Originally the cast was different. Initially it had Rosamund Pike and Ruth Wilson. We were going to start production in March 2020, but due to the effects of the new coronavirus, production did not come and go for two years. It was stressful, but the cast stayed loyal to us for as long as possible. They all had other obligations and couldn’t wait any longer. Jade Adams was the only one left. She was an OG. We had to regroup and rethink everything, and that’s when I joined her Aisling. Because I was a big fan of This Way Up. Aisling unlocks her great comedic side, with her friendliness and warmth. It was my idea that her character was a nurse. Aisling embodied her no-nonsense, down-to-earth personality, so her nurse made sense to her. There are some interesting changes in the film that Aisling helped unleash.
How did you approach casting the young actors?
I have witnessed hundreds of children through open castings and self-tapes, calling out to dance schools, musical theater academies, and wherever young people are trained. Some of them will stick with you. I watched Caragon Guest and knew she was a younger version of Jade’s character, and Jade worked with her to fix her quirks. It’s like juggling. You look at someone and think, oh my god, this person would be great, but do they fit? How can I work with them to be the younger version? When I went to see them in Belfast, I noticed Lara McDonnell. she was incredible. Casting her as the younger version of Aisling’s Rachel was a no-brainer. They spent a spa day together to get to know each other.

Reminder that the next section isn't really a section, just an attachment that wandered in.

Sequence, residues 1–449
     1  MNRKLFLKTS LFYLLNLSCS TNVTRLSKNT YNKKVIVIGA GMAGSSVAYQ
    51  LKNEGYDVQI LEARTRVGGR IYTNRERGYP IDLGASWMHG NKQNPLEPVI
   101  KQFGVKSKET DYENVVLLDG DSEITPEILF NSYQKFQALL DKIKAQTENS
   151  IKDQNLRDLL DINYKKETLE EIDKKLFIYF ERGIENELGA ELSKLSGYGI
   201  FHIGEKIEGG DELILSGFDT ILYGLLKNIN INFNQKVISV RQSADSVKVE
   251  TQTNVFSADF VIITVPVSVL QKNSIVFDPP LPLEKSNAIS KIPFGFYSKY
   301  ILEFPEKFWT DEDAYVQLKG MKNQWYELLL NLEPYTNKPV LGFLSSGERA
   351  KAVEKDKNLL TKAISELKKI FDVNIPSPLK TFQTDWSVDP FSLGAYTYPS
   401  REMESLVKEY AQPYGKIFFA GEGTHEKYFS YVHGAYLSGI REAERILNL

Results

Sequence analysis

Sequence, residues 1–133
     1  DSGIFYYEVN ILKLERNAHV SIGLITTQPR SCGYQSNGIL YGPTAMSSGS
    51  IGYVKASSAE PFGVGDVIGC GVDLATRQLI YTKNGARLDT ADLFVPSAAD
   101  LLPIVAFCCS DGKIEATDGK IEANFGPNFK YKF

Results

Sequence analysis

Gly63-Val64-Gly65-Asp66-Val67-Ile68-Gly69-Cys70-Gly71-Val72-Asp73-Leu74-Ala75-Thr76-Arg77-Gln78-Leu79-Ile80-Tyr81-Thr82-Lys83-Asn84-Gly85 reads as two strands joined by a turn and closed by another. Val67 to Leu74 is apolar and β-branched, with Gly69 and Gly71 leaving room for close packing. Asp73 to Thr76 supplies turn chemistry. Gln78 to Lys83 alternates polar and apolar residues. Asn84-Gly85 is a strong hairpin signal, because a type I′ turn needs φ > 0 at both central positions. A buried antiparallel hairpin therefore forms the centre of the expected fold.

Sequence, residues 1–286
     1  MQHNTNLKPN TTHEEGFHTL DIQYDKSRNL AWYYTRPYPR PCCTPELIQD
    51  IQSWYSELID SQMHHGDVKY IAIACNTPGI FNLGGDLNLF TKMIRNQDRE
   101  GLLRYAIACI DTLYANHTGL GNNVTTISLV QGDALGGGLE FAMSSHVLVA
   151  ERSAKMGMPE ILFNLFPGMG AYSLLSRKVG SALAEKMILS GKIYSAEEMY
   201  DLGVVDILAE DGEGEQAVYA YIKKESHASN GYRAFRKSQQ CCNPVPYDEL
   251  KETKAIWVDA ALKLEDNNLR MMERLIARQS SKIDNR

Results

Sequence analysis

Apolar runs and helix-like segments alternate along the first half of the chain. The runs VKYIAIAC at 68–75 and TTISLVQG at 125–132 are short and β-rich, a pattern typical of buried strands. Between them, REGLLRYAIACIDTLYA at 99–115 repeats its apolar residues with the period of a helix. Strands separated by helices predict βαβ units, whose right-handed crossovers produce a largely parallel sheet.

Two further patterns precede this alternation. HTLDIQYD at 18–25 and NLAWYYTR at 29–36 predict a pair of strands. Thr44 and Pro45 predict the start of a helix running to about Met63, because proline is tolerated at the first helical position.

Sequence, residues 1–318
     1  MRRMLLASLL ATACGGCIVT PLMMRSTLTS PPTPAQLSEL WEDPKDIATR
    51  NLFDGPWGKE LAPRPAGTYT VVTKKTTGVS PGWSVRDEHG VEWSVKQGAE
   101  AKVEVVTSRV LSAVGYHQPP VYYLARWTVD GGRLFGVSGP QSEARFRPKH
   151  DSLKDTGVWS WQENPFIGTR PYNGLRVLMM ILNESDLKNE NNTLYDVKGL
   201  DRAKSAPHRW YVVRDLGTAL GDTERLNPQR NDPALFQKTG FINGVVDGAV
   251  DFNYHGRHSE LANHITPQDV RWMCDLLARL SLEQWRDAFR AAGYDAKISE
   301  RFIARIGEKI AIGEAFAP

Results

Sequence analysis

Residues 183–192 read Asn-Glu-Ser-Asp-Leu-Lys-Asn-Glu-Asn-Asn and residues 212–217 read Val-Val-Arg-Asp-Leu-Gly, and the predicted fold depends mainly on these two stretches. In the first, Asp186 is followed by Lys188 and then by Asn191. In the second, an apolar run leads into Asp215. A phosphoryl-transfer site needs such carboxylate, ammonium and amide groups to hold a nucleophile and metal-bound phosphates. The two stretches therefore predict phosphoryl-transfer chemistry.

There’s also a dancer who plays the role of a boy, so there’s a lot to make ends meet. Was the casting process different for them?
yes. We used a completely different casting system for the dancers. We had a casting director for the actors and a casting director who did all the casting for the musical dances. I went to Magic Mike. I went to see a lot of ballets and musicals. There was a large audition and the actors had to be narrowed down to her five.
You did a TV version live of “Sound of Music”. Ready for your best days?
Well, it was right around the time of rehearsal, so it was a very good foundation. Films don’t have much rehearsal time, and television doesn’t have much rehearsal time either. When I did The Sound of Music, I was given ten weeks of rehearsals for him, with people who taught me how to structure it, how to train the dancers, and the importance of planning routines and workshops. I worked. Working with dancers is a new discovery. Their discipline and cooperative nature are amazing. they are great They lift my spirits every time I’m on set.
The dance routine in the opening sequence is wonderfully imagined. Was it a collaboration between you and the choreographer?